Stay on Top of Emerging Technology Trends
Get updates impacting your industry from our GigaOm Research Community
It’s easy to get lost in the mix when you’re a creative professional working online. Competition is fierce, and the space will only become more crowded as people are laid off and forced to seek out new sources of work. That’s probably part of the reason many new creative portfolio and networking sites like Artician have launched lately, including the similar MyFolio, which I took for a test drive a little while ago.
Artician seems like a more polished implementation of the same concept behind MyFolio. Artician will appeal to creative professionals because it seems crafted, top to bottom, by designers who really care about their work. Despite still bearing the “beta” tag that’s part and parcel of practically any new web service release these days, Artician is a fully functional network that will seem like a breath of fresh air to bitter deviantArt vets (myself included).
Once you’ve signed up for Artician, you can upload work, customize your profile and site, customize a blog, and update your geographic locale. The interface for doing so is straightforward. I especially like how the work of network members is showcased throughout the web site via the “Browse” subsection, which is the central focus of your launch page.
Clicking on the “Submit” link reveals a pleasant surprise: You can actually import your deviantArt portfolio directly, which could represent a significant time-saver if you already have a lot of work over there. In practice this seemed to work very quickly and with good results, although my deviantArt portfolio is quite small, so I’m not sure how well it would handle larger libraries.
I like the categories and genres Artician offers, which include a broad range. My biggest pet peeve when it comes to these kinds of online portfolios is that the built-in categories they provide often seem limited, haphazardly chosen and not an accurate reflection of the work that creative professionals working on the web do.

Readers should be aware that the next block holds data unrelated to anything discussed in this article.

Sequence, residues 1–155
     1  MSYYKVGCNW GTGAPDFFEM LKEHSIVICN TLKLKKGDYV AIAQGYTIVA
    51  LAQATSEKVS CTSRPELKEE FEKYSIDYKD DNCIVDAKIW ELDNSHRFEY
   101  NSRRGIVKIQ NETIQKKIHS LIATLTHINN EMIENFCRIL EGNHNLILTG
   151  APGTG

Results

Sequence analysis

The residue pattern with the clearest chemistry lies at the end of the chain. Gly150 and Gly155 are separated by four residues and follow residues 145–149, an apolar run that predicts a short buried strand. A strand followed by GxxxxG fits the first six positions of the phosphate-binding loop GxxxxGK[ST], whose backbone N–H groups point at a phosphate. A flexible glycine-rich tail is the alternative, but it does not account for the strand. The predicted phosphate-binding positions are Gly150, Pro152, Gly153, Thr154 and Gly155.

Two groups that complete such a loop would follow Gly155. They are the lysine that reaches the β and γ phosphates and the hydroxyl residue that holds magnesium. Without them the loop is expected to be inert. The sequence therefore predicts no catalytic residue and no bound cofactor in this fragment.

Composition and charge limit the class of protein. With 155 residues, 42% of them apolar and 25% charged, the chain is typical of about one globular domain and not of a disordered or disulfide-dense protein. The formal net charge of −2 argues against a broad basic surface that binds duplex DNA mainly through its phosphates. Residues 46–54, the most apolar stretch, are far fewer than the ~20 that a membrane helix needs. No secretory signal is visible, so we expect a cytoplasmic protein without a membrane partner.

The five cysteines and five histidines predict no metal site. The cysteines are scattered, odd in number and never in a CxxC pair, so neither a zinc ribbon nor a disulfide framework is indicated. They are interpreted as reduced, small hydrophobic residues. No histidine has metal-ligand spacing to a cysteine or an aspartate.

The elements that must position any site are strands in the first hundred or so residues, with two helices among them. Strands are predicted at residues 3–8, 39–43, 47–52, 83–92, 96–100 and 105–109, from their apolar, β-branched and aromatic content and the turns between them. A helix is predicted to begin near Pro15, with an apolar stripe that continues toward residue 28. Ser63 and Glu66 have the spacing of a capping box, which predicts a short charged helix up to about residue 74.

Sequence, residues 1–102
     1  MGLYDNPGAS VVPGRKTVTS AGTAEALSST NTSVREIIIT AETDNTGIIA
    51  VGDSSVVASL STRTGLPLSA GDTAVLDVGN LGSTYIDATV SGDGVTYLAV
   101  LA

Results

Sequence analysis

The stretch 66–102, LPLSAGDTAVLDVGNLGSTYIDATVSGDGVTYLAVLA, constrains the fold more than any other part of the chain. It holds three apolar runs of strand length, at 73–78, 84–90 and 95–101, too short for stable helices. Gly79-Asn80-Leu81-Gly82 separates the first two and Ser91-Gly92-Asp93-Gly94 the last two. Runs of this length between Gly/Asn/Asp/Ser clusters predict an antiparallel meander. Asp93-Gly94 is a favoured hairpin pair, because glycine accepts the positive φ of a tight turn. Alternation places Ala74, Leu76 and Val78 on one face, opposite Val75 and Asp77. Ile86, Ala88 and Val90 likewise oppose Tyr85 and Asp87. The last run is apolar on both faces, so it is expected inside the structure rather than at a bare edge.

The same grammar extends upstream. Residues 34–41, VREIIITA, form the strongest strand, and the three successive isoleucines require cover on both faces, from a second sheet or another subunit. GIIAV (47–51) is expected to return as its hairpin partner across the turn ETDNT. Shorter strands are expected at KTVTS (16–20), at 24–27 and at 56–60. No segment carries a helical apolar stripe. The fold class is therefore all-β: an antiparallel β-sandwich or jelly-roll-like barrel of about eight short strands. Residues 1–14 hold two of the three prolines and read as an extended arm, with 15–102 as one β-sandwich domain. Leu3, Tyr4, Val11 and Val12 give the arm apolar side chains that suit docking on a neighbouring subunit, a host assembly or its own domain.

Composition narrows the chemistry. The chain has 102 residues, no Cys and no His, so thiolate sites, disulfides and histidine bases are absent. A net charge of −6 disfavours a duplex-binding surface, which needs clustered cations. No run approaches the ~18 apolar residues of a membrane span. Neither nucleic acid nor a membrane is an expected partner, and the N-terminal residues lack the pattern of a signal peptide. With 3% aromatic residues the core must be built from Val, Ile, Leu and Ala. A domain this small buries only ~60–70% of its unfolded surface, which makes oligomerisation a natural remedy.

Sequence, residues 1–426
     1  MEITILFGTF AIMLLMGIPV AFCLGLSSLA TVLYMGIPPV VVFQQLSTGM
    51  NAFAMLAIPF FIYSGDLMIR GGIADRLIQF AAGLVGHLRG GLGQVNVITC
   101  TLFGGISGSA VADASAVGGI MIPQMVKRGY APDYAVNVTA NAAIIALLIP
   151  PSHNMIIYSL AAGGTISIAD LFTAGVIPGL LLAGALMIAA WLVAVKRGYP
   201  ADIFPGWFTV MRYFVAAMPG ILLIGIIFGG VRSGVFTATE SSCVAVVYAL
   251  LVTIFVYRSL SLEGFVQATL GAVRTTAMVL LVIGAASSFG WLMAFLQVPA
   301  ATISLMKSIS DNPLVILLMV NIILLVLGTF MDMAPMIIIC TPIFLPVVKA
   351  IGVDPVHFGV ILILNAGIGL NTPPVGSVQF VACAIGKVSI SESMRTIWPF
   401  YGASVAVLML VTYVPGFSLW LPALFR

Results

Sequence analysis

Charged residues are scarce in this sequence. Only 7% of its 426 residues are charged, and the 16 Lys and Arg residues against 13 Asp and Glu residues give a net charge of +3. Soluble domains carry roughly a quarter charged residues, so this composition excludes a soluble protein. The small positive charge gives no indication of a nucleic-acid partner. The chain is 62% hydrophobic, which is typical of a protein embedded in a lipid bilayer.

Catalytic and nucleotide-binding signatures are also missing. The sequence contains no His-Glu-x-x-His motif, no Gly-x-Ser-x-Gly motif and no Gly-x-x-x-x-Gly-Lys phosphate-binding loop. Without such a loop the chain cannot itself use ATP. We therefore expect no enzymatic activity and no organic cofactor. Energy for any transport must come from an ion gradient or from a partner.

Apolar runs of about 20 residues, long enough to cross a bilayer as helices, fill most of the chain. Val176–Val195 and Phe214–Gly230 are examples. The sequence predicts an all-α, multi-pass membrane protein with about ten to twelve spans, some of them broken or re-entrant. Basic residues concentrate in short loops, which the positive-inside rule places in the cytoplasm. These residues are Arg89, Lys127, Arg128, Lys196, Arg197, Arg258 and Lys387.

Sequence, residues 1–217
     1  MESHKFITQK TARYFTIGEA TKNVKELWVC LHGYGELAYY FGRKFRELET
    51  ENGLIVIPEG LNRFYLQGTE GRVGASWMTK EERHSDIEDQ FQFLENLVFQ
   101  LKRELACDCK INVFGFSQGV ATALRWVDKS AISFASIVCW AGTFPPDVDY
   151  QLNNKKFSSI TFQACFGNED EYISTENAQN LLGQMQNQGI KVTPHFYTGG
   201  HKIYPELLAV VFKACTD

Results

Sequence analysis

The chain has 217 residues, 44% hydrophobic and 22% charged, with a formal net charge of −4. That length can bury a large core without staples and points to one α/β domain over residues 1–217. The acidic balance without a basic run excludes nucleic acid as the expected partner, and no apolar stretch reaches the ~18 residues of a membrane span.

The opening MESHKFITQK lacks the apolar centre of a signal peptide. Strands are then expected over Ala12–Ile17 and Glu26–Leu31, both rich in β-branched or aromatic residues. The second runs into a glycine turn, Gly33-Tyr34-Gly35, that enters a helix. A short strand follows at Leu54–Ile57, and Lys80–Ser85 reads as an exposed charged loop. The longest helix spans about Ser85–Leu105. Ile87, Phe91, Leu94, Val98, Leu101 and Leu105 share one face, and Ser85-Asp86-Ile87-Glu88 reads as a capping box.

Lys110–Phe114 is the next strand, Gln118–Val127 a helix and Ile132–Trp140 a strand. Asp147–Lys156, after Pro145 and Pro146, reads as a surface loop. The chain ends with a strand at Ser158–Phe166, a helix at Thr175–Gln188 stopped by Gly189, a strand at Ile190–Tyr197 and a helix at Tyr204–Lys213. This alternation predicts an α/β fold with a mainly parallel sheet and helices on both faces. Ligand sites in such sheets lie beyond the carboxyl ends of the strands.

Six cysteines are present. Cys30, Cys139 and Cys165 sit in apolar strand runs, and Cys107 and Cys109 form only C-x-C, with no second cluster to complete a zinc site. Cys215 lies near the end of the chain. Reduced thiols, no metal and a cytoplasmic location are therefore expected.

Another thing Artician has going for it is the built-in blog feature. Alone, a web-based portfolio is nice, but there’s only so much you can convey about yourself professionally via gallery descriptions and comments. It’s much better to be able to maintain a full-scale blog alongside your work. You can also use the import tool to move existing content from any RSS feed. Sadly, there’s no way to import comments as of yet.
Because it’s designed for creative people, Artician also gives you ample opportunity to flex that creative muscle. You can customize your profile in a number of ways, but the best feature is probably custom CSS editing and creation, which is available without any additional cost.
Judging by the content I saw while looking through Artician’s “Browse” section, there are already a lot of talented people using the network. Still, the “Browse” feature doesn’t seem either targeted or detailed enough to bring in much work on its own. It’s probably better to use your Artician page as a component of your online portfolio.
As a ready-made portfolio and resume in one that allows you to exert as much or as little of your own creative control as you’d like, Artician has quickly become my service of choice for showing my work online. Farewell, deviantArt. I’ll miss you like I miss making rock show posters pro bono for friends’ bands via the company copier, but me and Artician have bigger fish to fry.
Have you tried Artician or a similar servivce for showcasing your work? Share your thoughts in the comments.